Honorees musician/producer Peter Asher and Robert Santelli of the Grammy Museum with PBS SoCaL President and CEO Mel Rogers at PBS SoCaL's Puttin' on the Glitz Gala on May 17 in Costa Mesa. (Ann Chatillon / May 29, 2014)

The programming offered by PBS SoCaL is arguably the finest available on the airwaves. This in spite of the ever-present on-camera fundraising replacing the presence of commercial pitching. On a recent Saturday night in Costa Mesa, the cultural outreach and obligatory financial requirement came together, celebrating the seventh annual PBS SoCaL gala. Some 400 believers converged upon the OC Fair & Event Center hangar, raising more than $1 million for the PBS outlet. It was the most money raised to date at such an event.

Mel Rogers, PBS SoCaL president and chief executive, beamed with pride, thanking major donors for their significant support. Among the generous were $150,000 contributors John and Mary Tu, also providing their incomparable orchestra to entertain the crowd. Front and center were Newport's super-philanthropic S. Paul and Marybelle Musco, serving as honorary gala chairs and offering a $100,000 matching grant, which was matched in a matter of moments and exceeded by several hundred thousand dollars given the generosity of such patrons as gala chairs Jim and Kelly Mazzo, Jim and Sheila Peterson, Barbara and David Cline, Mary and Phil Lyons, Pamela Schmider, Bette and Wylie Aitken, Nadine and Robert Hall, and Carole Pickup, among many others.

The Mazzos, working with co-chairs Don Carnegie and Ardelle St. George, produced a lavish and upbeat evening honoring PBS. The hangar was decorated in high style that was both whimsical and elegant. Crystal chandeliers hung from the metal rafters, and designers draped scenic murals on the walls. Entering the event, guests passed through enormous white urns topped with giant red lampshades, sending a soft pink glow across the space. Tables alternated between round and rectangular set, with classic patterned gold-rimmed china and crystal stemware. Fragrant gardenias floated in clear glass bowls, interspersed with votive candles surrounding much larger clear glass globes sporting white orchids, roses, hydrangeas and pungent hyacinths. All of the patrons faced an enormous dance floor set-up in front of a raised stage that welcomed the massive performing orchestra of John Tu and friends.

The crowd cheered as PBS celeb Mark Walberg, host of "Antiques Roadshow," took the microphone. He charmed the audience with personal anecdotes, receiving a rousing ovation as he told the Costa Mesa crowd that his son had just days before graduated from one of the U.S. academies and was commissioned in the service of his nation. Joining Walberg at the podium were PBS SoCaL board of trustees president Jim McCluney, on-air personalities Elizabeth Espinosa and Rick Reiff and Rogers.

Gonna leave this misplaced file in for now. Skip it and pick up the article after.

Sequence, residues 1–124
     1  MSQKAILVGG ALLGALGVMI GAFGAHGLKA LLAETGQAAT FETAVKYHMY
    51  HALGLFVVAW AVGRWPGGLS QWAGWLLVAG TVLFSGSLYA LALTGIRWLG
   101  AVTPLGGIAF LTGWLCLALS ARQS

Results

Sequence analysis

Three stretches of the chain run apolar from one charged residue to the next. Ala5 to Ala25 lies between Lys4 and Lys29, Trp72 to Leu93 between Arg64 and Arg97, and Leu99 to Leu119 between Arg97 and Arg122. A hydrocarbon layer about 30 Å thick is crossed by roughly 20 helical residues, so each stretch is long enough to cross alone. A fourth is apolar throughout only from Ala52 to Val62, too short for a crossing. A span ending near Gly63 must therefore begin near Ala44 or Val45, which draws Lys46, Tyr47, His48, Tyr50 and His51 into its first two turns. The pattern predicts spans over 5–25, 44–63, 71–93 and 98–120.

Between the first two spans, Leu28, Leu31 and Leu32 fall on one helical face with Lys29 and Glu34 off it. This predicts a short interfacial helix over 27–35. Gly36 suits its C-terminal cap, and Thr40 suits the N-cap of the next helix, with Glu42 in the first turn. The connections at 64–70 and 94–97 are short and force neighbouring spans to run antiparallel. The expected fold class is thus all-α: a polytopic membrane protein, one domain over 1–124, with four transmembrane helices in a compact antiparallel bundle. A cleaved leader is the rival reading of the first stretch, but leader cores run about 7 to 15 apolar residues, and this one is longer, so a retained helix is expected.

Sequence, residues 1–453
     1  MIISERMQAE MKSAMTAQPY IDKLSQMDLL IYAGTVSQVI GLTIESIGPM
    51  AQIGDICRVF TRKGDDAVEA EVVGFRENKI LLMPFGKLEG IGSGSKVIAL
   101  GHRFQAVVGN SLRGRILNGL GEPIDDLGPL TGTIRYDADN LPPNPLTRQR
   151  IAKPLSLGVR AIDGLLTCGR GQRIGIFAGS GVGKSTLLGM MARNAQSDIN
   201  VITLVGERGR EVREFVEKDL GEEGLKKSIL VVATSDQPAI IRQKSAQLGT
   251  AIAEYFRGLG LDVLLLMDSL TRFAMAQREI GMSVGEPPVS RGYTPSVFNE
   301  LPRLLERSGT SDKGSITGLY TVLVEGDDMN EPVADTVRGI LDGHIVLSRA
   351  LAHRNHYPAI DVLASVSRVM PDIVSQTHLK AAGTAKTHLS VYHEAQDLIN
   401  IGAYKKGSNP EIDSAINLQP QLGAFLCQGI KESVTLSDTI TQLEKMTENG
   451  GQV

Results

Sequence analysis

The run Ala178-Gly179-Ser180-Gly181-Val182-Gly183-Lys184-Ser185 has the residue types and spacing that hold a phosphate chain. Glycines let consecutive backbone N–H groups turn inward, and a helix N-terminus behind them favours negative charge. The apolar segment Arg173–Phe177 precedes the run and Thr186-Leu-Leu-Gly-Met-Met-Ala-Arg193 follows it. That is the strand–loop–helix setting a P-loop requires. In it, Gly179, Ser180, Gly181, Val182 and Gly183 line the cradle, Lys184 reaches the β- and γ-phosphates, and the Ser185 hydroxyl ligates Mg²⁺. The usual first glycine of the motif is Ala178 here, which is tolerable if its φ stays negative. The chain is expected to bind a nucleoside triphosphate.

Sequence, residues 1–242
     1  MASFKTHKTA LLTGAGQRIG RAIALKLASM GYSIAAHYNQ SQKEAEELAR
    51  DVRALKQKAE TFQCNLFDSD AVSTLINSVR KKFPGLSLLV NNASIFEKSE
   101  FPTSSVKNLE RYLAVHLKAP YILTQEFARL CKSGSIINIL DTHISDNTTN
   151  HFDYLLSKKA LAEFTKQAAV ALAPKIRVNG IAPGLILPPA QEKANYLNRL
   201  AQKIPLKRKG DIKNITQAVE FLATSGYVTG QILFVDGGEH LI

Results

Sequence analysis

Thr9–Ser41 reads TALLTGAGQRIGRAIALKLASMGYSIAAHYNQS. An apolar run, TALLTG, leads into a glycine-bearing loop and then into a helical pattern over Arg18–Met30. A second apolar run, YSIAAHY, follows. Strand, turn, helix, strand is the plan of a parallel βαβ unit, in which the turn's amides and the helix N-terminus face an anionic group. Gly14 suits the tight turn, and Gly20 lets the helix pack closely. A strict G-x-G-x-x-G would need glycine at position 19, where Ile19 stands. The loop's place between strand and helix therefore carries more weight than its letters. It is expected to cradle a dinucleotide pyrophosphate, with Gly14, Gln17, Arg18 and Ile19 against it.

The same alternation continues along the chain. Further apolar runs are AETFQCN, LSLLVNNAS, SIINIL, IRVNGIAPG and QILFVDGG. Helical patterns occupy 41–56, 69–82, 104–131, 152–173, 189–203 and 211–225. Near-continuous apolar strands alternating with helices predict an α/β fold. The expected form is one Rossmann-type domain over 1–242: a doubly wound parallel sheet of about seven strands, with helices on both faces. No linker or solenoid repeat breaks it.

The best was yet to come. Director of the Grammy Museum in Los Angeles Robert Santelli took the stage and presented the work of the museum via video presentation as a lead-in to introducing the very special honored guest of the gala.

Music industry legend Peter Asher, a member of the 1960s "British Invasion" rock duo Peter and Gordon, enjoyed a standing ovation from the adoring assemblage of mostly people of the age able to well remember the hit songs "A World Without Love" and "Lady Godiva." Asher went on to become a music industry leader, producer, and career-maker as the first head of Apple Records. He was largely responsible for promoting the careers of James Taylor, Linda Ronstadt, Elton John, Bonnie Raitt, Cher, Diana Ross and Neil Diamond, among others.

The recipient of three Grammy awards, Asher took the stage, decidedly more the grandfather in appearance than the 20-something kid with a mop-top Beatles-era haircut and horn-rimmed glasses that brought him worldwide fame. He joined his band of much younger rockers, all with hair, and delivered three songs. The voice was still there, clear as a bell, perfect pitch, hitting the high and low notes and taking the audience back 50 years in a matter of moments. Asher still had it going on, and he relished the moment just as the crowd took to its feet and filled the dance floor. It was prom night 1964 all over again.

In addition to Asher, PBS SoCaL honored the contributions of local citizens, including Lise Luttgens representing the Girl Scouts, Faye Washington from the YWCA, Jose Ramos working for and with our Vietnam veterans, Assistant U.S. Attorney Deborah Yao, and director of the National History Museum of Los Angeles County Jane Pisano. Special recognition was also bestowed upon "community champions" including Michael Mata, Barbara Carrasco and Harry Gamboa Jr., along with the Joyful Child Foundation and the Los Angeles Drama Club.

Passionate PBS donors, supporters, staff and volunteers spotted in the gala crowd included the talented PBS personality Maria Hall-Brown, Julie Ann Ulcickas, Jo Ellen Chatham, Bill Rogers, Peggy Goldwater Clay, Barbara Eidson, Bob Romney, Pep and Renee Valdes, Elizabeth and Tom Tierney, Aidan and Ann Raney, John and Anne Wortmann and Gregson Hall with Michelle Ultimo.

Bravo Jim and Kelly Mazzo and the entire team for raising the bar for PBS SoCaL. May the broadcast outlet long reign as a champion of culture, entertainment and education, serving the public with the highest of standards, elevating the quality of free television and making a real difference in the lives of citizens of all ages and backgrounds in the community.

THE CROWD runs Fridays. B.W. Cook is editor of the Bay Window, the official publication of the Balboa Bay Club in Newport Beach.